‘Insidious: The Red Door’ Review: Tip Toes Through Generational Trauma

Peter Paras reviews Insidious: The Red Door, a solid return for what may be the final entry in this horror franchise.
User Rating: 7

Insidious: The Red Door is a better-than-expected fifth entry of the atmospheric horror series. Back in the day, a dreaded “V” in a horror title was bound to disappoint. (Examples include Friday the 13’s A New Beginning and that weird cult retconning in Halloween: The Revenge Michael Meyers). Thankfully, Blumhouse didn’t include the cursed numeral. Though not as strong as this year’s Evil Dead Rise, the Patrick Wilson-directed return to the Further, like the latest Deadite tale, adds just enough new while faithfully returning James Wan’s pre-Conjuring universe back to the beginning.

Since it’s been six years since Insidious: The Last Key, a prequel to a prequel, the opening is, essentially, “previously on Insidious…” but regarding 2013’s Insidious: Chapter 2 (Sadly, there is no cheesy voiceover à la ABC’s Lost.) The last time we hung out with the astral projection-inclined Lambert family, both father Josh (Wilson) and his oldest son Dalton (Ty Simpkins) had their memories repressed. Nine years later, Josh and Renai (Rose Byrne, in more or a less a cameo) reunite at his mother’s funeral. Soon enough, Dalton is college bound. And then stuff gets weird… again!

See Also: ‘Scream VI’ Review: Ghostface Invades NYC, For Reals

The script by Scott Teems (with a co-story by credit for series creator and Wan’s pal Leigh Whannell) fares much better than his previous Blumhouse flicks, Firestarter and Halloween Kills. However, it’s not as fun as last year’s interactive slasher game, Supermassive’s The Quarry (which, funny enough, starred Insidious vet Lin Shaye). With that said, like Pixar’s masterpiece, Coco, the focus is on the generational trauma passed down from parent to child. And just like that, I’ve fulfilled my lifelong dream of comparing Pixar to a disturbing horror film.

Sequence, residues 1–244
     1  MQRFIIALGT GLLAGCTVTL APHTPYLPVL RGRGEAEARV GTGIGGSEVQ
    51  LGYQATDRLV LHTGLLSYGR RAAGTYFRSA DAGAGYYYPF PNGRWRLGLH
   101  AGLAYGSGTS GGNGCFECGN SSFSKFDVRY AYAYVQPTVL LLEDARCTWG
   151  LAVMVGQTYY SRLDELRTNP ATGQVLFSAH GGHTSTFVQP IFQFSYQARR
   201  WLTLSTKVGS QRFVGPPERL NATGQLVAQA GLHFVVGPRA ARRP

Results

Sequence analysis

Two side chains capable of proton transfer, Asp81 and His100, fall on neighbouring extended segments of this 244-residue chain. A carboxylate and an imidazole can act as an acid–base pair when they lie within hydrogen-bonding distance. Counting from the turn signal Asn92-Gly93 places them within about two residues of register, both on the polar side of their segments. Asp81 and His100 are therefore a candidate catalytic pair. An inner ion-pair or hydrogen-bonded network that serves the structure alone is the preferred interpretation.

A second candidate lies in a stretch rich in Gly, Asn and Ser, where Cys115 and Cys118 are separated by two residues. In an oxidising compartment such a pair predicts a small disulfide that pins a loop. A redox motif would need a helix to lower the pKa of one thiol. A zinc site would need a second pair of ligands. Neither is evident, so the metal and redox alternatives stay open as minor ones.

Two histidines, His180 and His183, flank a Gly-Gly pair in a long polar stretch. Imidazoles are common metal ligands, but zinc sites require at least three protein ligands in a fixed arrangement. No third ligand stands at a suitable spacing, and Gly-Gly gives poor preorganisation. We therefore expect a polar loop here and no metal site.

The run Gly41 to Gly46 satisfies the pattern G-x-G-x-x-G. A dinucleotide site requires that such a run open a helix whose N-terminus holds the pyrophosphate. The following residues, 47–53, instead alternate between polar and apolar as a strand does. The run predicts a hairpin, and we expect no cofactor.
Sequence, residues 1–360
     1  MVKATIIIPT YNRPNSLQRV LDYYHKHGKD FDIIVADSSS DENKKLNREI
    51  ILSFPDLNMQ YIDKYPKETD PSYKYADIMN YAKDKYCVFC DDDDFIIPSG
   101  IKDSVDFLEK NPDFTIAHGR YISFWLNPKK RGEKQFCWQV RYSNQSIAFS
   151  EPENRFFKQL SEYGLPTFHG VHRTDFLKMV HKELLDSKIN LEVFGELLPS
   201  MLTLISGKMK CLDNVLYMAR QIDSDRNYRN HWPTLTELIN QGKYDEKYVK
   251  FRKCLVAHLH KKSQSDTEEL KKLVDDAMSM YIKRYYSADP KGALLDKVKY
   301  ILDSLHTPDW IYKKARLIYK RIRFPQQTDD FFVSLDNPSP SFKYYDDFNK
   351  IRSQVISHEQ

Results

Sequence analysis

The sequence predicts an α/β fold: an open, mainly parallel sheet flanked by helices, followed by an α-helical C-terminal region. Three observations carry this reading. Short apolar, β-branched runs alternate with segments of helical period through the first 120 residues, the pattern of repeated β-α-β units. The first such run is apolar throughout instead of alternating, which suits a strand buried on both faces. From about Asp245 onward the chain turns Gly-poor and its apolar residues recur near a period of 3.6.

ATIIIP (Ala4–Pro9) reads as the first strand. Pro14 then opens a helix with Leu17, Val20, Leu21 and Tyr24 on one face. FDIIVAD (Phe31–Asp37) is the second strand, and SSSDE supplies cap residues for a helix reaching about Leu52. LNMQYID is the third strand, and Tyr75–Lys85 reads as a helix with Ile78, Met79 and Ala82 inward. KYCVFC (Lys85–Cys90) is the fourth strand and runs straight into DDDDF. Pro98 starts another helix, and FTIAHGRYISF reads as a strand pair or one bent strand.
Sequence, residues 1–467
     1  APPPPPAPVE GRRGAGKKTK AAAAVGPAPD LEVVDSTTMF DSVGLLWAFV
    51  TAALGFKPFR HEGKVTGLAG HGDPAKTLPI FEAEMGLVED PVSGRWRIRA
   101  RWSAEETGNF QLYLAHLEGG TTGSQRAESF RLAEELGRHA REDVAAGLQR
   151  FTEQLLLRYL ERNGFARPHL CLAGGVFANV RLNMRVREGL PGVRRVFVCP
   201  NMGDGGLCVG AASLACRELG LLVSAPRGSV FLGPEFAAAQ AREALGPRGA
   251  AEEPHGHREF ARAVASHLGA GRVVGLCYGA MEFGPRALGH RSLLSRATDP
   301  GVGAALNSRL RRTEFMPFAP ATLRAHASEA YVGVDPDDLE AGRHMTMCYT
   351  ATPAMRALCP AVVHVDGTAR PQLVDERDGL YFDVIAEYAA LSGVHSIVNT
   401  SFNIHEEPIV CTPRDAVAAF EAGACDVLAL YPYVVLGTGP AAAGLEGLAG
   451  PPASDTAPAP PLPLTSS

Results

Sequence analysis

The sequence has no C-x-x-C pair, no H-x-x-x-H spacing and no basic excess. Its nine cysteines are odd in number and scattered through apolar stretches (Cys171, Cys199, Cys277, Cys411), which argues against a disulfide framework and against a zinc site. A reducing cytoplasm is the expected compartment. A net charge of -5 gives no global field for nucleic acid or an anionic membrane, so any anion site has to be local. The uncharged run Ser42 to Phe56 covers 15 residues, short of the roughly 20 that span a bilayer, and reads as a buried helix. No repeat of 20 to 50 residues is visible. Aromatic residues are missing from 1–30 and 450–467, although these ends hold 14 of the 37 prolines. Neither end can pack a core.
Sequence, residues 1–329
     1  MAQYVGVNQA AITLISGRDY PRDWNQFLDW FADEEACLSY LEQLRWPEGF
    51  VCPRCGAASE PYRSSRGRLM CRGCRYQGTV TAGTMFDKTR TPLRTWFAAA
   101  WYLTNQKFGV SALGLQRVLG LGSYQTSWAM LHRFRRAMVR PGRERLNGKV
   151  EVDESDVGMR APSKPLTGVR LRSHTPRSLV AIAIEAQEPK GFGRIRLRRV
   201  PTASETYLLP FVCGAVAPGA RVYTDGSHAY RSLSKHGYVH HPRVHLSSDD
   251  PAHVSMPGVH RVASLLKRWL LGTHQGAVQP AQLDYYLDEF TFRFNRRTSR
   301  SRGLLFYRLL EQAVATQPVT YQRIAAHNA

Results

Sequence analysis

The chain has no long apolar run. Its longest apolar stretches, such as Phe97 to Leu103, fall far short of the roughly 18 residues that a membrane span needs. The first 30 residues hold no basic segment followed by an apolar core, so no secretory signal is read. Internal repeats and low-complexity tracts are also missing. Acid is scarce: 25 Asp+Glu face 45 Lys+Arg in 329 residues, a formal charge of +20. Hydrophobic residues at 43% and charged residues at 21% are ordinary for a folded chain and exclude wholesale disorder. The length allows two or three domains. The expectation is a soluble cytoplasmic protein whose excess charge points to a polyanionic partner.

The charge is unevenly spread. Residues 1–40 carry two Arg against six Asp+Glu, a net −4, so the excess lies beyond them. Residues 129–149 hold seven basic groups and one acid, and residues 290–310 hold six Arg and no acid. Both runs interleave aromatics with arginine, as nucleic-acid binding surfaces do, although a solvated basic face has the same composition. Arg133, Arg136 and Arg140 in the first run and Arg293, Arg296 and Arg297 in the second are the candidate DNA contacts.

Casting has always been strong in this series. Newcomer Sinclair Daniel plays Dalton’s roommate Chris at their university dorm and is a terrific addition. Straddling the line between “the newbie who’s never heard of the Further” and comedic relief is no easy task. Too many jokes, and we’re in fourth-wall-breaking Scream territory. Fortunately, Daniel is a delight. As Dalton struggles with a painting that’s terrifying him to complete, Chris struggles to keep him (and, by extension, the audience) grounded as some of the more offbeat beats moments of wickedness pop up.

Of course, the key to any successful horror experience is sound. The low booms and the use of notable sound gaps are particularly effective. Less effective is the use of one too many jump scares, although, as a rule, jump scares are very much a “works or doesn’t” thing, so one’s mileage may vary. The muted look, a just out-of-focus being, and the color red are all staples of this series, and they still work.

Insidious: The Red Door is a welcome return to form for the series. If it’s the end of the franchise (at least for now, as Blumhouse’s Jason Blum has suggested), it’s a creepy, emotionally rewarding way to go. The Further tip toed back for a few more scares, and it was worth it.

Insidious: The Red Door opens in theaters on July 7.

Written by
Peter Paras is pop culture writer who has been reviewing films for the past fifteen years. Raised in Chicago—but an Angeleno since the start of 21st century—he has plenty to say about films, television, videogames, and the occasional YouTube channel. He’s a frequent guest on Out Now with Aaron and Abe, as well as TV Campfire Podcast. His work has been published at Why So Blu, Game Revolution and E! Online. His favorites include: Sunset Blvd, Step Up 2 The Streets, Hackers, Paris Is Burning, both installments of The Last of Us, Destiny 2, and Frasier.

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